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It's true that our basic needs haven't changed much. We 've become a little more brainy but our basic needs are served by relatively little technology. That's because humans haven't evolved visibly since ancient times. Our way of life will truly change once we start altering ourselves in substantial ways. The future will be very cool in a world where people can grow wings at will.

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jamesjporter 505 days ago | link

Unfortunately, this future is still very, very far away. We're not even close to understanding how a single eukaryotic cell works, much less an entire organism as complex as a human being or a bird.

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zerostar07 505 days ago | link

We don't necessarily need to know all the inner workings, just the important things to do our job. Cavemen didn't know about torques, loads and angular velocities when they invented the wheel. Thus i am hopeful that i will live to see the major breakthroughs in genetics and neuroscience.

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jamesjporter 505 days ago | link

I suppose that's true; its also a good summary of how molecular biology has been done thus far and we've managed to learn quite a bit. Translating it into practical applications has been more of a challenge. I'm skeptical that we'll see any breakthroughs in transhumanism in our lifetime, although naysayers are always being proven wrong— I sure hope I am as well.

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Yet the success of airbnb means that there is strong need to amend or extend these laws. After all, it's a different kind of lodging in which the consumer accepts nonstandard services for a smaller fee. At this point, the airbnb model has gained enough momentum to be unstoppable by local lobbies.

Currently, especially in europe, airbnb seems to be borderline legal for people who don't own licences. Inevitably airbnb will have to find common ground with local authorities, instead of relegating the issue to individual users. After all it's in their interest.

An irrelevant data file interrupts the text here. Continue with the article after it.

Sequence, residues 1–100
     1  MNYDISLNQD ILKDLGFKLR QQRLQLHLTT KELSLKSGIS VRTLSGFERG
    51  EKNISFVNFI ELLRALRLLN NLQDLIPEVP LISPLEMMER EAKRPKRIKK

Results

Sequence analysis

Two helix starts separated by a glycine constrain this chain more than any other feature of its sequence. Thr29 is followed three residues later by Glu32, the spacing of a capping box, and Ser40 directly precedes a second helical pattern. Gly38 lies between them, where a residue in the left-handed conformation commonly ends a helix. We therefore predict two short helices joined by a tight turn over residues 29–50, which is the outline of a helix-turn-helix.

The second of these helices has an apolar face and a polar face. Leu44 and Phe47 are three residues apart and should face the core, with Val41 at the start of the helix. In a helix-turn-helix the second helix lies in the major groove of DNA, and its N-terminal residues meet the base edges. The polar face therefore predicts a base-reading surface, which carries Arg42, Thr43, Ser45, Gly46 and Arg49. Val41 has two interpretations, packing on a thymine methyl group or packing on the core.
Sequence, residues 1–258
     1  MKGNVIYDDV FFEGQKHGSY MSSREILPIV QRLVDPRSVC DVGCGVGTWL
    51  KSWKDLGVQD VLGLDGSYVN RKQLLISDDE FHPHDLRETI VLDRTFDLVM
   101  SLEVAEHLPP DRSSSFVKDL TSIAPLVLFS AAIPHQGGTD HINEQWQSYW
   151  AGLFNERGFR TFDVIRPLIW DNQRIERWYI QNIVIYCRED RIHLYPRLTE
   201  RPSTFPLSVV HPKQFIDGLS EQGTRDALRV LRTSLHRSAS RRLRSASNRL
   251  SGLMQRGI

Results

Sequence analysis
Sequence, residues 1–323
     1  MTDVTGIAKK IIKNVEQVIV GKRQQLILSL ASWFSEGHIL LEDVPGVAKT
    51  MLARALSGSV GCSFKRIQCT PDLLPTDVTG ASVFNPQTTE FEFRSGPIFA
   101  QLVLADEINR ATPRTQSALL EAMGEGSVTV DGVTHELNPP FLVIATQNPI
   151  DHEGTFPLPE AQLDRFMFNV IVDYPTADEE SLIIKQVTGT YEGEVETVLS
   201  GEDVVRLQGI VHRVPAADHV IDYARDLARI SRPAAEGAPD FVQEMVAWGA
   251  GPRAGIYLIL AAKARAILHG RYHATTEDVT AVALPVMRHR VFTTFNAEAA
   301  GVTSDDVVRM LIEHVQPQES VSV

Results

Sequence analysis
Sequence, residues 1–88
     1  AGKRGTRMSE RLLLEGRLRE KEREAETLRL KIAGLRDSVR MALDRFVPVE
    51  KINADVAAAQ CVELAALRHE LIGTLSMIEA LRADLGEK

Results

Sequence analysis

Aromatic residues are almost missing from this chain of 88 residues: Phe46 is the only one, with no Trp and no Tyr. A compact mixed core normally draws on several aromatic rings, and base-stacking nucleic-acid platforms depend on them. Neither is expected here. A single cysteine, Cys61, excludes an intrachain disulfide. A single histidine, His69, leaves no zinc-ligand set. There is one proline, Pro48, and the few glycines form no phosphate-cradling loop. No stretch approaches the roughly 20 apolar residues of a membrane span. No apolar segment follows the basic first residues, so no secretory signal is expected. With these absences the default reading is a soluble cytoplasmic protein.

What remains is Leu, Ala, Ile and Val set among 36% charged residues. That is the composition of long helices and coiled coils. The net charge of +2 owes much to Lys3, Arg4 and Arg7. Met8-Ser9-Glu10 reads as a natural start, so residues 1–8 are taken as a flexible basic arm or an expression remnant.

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wwkeyboard 506 days ago | link

How much of that success comes from the existing industries inefficiencies and how much from skirting legitimate costs like insurance, hygiene, inspections, and local government's travel bureau taxes?

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Airbnb provides the infrastructure, withholding much more information than a typical hotel frond desk.

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Facebook is also enforcing new terms for its developers: From December on, applications that run on external domains instead of appearing as an iframe inside facebook will be severely restricted in their access to facebook[1]. This move is supposed to force indie developers to move their games to facebook where they can't use AdSense (it's not allowed by facebook) and can only use facebook's own payments system (it's mandatory).

Zynga could have used this 2 year time window to grow an independent social gaming network, but they failed to do so. It was inevitable that this would happen.

[1] https://developers.facebook.com/blog/post/2012/09/05/platfor...

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lukasb 506 days ago | link

My reading is that those restrictions are only for games off Facebook, not all applications. Interesting that they would make that distinction.

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That's because geeks like to back their answers with science (or almost science)

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georgemcbay 508 days ago | link

More like geeks like to prove they've already heard of the idea behind something.

Dropping the name Betteridge or Dunning-Kruger or Godwin tells everyone "I heard about this phenomenon before it was cool and even know the name for it".